It’s been a wild season of bushfires, dust storms and torrential rain, and you’d be forgiven if you thought nothing good could come out of that combination. But like a phoenix rising from the ashes, a plethora of “shield shrimp” have flourished in the rain-filled claypans across outback South Australia.

I bet you’re wondering, what the absolute fuck is a shield shrimp? Don’t worry, I asked myself the same question when I saw these weird creatures that I have expertly named “dust stingrays.”

Conservation research organisation Arid Recovery took to Facebook to share the good news that the shield shrimp are thriving.

These tiny stingray/vacuum-looking creepy crawlies are called Triops Australiensis but are commonly known as shield shrimp. And they’re popping up all over rural South Australia in what I can only assume is Mother Nature’s gift for making it through a hellish summer.

The tiny crustaceans lie dormant in the dust of claypans for up to 7 years until extensive rain fills the area and allows them to breed and flourish. The dried-out eggs are carried by the wind and have been seen all over outback Australia, including on top of Uluru.

“Populations of these peculiar creatures explode following rain, and they can be found teeming in the temporary pools and water filled clay pans,” Queensland Museum says.

Basically, their sole purpose from the moment they’re brought to life is to eat as much as possible and breed like rabbits before the shallow pools dry up again.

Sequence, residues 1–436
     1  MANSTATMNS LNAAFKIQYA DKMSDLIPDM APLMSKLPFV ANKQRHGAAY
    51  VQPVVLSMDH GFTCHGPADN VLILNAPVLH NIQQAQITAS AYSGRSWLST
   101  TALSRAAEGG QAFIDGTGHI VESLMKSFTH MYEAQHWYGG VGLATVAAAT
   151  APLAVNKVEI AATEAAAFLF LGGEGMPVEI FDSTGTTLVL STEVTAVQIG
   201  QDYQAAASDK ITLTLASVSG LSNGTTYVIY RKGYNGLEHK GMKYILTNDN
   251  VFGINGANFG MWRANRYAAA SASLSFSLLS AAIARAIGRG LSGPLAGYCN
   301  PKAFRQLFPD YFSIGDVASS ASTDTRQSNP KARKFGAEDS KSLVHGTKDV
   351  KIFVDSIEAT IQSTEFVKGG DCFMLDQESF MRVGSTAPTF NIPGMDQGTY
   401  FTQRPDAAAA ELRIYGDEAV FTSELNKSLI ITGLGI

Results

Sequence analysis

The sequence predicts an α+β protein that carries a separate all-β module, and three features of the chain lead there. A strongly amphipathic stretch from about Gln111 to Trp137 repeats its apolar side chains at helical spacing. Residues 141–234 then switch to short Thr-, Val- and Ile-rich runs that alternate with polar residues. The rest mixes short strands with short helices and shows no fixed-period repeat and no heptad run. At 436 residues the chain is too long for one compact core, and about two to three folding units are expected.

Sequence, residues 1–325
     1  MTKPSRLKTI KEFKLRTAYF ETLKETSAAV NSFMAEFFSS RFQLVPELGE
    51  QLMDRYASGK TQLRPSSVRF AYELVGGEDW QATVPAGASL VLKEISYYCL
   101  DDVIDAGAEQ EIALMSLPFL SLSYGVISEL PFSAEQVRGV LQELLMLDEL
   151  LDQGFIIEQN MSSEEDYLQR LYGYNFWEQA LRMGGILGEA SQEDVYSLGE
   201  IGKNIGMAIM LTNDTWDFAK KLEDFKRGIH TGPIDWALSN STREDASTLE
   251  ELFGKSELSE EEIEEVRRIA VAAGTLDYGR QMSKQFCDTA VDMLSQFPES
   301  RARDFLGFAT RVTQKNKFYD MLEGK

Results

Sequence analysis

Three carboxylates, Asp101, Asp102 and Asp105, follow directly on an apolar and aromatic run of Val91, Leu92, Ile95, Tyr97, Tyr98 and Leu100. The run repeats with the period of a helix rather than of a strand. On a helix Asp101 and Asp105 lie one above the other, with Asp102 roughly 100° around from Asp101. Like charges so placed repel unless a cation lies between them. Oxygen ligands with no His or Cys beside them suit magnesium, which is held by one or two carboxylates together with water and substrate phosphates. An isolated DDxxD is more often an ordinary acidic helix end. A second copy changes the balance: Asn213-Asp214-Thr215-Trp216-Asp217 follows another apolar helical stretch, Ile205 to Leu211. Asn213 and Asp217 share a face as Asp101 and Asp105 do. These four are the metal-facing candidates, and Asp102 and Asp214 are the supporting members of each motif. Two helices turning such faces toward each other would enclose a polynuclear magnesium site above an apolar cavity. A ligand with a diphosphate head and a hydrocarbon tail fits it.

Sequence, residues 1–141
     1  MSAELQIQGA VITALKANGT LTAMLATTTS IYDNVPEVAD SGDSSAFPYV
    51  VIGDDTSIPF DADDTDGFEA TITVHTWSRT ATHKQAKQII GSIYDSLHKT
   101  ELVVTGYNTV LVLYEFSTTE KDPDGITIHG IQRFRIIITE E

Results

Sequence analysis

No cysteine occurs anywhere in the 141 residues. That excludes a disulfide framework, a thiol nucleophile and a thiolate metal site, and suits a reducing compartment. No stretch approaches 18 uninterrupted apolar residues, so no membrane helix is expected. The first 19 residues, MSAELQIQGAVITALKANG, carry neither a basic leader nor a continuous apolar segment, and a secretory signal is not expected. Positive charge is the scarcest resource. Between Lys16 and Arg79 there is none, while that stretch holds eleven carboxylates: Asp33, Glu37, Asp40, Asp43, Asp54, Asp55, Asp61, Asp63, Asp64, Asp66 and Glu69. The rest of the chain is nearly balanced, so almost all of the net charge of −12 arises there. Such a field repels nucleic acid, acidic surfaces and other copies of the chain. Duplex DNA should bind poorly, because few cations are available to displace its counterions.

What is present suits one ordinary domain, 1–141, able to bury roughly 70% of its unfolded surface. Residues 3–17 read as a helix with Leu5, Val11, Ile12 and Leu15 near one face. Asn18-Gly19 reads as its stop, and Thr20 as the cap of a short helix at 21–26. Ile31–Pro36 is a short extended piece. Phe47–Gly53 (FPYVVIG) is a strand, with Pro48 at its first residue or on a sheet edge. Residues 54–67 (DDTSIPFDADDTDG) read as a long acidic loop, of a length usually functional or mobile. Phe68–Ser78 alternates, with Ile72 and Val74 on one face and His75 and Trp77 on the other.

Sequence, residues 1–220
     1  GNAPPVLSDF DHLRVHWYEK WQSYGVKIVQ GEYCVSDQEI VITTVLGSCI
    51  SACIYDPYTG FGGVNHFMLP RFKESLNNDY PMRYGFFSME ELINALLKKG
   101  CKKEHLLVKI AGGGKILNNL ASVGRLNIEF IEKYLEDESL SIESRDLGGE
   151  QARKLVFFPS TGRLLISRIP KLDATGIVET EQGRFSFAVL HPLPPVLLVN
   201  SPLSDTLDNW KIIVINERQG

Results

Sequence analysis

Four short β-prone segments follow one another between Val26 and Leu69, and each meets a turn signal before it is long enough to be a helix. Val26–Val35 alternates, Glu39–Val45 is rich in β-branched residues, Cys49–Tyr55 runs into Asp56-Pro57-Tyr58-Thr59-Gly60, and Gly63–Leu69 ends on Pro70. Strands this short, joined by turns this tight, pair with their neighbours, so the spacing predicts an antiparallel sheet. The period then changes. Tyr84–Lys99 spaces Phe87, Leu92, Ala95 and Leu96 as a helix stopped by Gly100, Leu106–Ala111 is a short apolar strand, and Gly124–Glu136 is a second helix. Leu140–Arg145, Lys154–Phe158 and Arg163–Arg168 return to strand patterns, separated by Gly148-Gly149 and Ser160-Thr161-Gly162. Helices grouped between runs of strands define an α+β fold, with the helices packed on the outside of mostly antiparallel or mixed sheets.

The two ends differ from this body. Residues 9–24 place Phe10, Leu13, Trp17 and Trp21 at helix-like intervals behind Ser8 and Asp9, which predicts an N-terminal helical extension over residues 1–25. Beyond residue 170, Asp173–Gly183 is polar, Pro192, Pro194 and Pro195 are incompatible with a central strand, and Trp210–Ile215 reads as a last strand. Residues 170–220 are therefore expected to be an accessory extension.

I still can’t decide whether I want my own baby shield shrimp as a pet, or whether I want to kill them all.

These alien-looking creatures are technically crustaceans, but look much more like sea monkeys than they do crabs or prawns.

They’re basically a living fossil, with no significant genetic changes in the last 250 million years. So, you’re basically looking at a damn velociraptor here.

According to Australian Geographic, these ugly little babies can grow up to 7.6cm long and have approximately 60 tiny legs to propel them through the shallow waters of the claypans in which they inhabit.

To make them even cooler, they use these 60+ legs to breathe, which is considerably more interesting than our boring human lungs.

Why can’t humans breathe out of our legs? I feel incredibly ripped off by this genetic flaw.

Shield shrimp are officially my favourite animal. Let’s kick ScoMo out of office and let the dust stingray bebes rule the country.

Image: Arid Recovery / Melissa Jensen